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UFC fighter Nick Diaz was suspended five years by the Nevada State Athletic Comission in a shocking Monday ruling stemming from a failed drug test for marijuana metabolites back in January.
NAC chairman Francisco Aguilar and commission members Skip Avansino, Pat Lundvall and Anthony A. Marnell III voted unanimously to suspend the 32-year-old five years and fine him 33 percent of the $500,000 he made for his UFC 183 bout against Anderson Silva.
Diaz will be 37 before he will be eligible to fight again.
If you think that sounds a little extreme, it wasn't even the harshest punishment offered during the hearing. Pat Lundvall initially suggested a lifetime ban.
"Well, five years is a lifetime for him," Avansino said during deliberations.
With that, Lundvall acquiesced and acknowledged that such a long suspension would essentially be the end of Diaz’s professional career, and the ruling was handed down.
Diaz's attorney, Lucas Middlebrook, argued that of the three fight-night tests Diaz submitted, two of them came back negative. The two negative samples came from the Sports Medicine Research and Testing Laboratory (SMRTL), a World Anti-Doping Agency (WADA)-accredited laboratory.
The lone positive test came from Quest laboratories – a non-WADA certified laboratory.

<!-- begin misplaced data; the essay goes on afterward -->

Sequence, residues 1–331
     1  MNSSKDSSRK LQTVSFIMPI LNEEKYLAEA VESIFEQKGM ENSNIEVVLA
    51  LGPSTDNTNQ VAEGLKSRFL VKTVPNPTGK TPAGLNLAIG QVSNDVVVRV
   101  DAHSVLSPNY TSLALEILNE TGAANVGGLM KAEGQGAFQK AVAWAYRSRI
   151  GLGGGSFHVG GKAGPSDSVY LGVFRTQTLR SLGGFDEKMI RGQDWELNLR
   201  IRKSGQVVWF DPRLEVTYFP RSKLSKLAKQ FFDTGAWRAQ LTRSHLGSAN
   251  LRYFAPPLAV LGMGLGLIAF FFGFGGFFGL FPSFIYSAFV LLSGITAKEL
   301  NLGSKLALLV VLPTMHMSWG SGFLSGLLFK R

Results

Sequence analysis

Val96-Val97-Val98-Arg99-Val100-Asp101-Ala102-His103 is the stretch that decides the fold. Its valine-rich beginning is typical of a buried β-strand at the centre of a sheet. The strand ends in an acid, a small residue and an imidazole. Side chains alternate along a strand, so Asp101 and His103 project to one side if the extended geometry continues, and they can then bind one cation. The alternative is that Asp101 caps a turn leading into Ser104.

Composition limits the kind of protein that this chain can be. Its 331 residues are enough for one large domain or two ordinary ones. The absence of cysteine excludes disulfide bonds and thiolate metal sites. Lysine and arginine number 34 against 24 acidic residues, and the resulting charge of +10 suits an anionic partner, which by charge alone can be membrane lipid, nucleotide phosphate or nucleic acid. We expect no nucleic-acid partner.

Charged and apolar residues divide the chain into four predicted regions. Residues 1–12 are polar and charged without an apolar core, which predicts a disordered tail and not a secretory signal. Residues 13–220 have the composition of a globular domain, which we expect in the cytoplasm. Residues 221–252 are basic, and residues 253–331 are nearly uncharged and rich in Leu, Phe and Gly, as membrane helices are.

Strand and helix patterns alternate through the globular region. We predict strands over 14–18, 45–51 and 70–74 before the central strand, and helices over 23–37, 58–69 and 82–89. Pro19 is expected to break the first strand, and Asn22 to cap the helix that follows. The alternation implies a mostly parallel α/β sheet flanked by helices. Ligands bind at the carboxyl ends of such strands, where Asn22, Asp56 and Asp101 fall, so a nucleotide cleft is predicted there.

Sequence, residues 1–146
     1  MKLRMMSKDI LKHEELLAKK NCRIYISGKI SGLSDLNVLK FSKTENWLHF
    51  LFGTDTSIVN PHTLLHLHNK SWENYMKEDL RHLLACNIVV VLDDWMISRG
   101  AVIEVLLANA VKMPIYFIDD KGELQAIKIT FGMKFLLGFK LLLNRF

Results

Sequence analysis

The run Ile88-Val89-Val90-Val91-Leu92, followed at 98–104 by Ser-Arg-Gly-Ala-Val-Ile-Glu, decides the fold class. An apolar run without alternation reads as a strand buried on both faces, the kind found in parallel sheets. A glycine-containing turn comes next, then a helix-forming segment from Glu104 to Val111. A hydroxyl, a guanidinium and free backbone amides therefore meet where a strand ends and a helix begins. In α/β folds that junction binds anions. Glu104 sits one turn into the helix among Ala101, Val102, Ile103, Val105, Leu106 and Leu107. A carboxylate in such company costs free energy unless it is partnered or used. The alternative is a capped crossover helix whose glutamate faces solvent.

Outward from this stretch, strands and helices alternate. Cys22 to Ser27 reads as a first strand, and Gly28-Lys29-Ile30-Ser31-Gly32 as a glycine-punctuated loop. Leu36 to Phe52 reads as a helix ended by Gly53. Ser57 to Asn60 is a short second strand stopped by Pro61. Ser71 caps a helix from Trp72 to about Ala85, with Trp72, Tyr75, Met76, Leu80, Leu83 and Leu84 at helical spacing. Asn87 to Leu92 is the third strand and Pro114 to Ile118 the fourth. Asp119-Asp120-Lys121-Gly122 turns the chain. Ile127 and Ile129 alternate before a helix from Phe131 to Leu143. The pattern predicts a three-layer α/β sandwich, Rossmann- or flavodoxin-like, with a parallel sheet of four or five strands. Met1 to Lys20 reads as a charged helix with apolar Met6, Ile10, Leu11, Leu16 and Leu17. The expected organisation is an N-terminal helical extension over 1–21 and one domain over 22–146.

However, the commission was not concerned with the two negative tests. They explained that Quest was a time-tested standard for their commission, and that they didn’t have the funds to implement WADA-accredited laboratories at all times.
“I think we do have a positive test today,” Aguilar said. “It’s not up to the standard as many would judge professional elite athletes and the WADA standard, but it is a standard we have employed and we have utilized throughout time. And I think we will continue to do so.”
The commission also cited Diaz’s lack of testimony at today’s hearing – he pleaded the Fifth Amendment to all commission questions – his repeat-offender status for marijuana, and his “little games” in alleged diluted samples, as justification for the half-decade exile.
Diaz will also not be allowed to corner teammates, or attend fights in the state of Nevada during his suspension.
Oddly, the NAC went against their own punishment guidelines outlined just four months ago for 'opiate/sedative' use: "
Tier 1: Sedatives, Muscle relaxants, Sleep aids, Anxiolytics, Opiates, Cannabis
• 1st offense: 18-month suspension, fine of 30-40% of fighter's purse
• 2nd offense: 24-month suspension, fine of 40-50% of fighter's purse
• 3rd offense: 36-month suspension, fine of 60-75% of fighter's purse
• 4th offense: Lifetime suspension, fine of 100% of fighter's purse
Apparently, Diaz really rubbed the NAC the wrong way.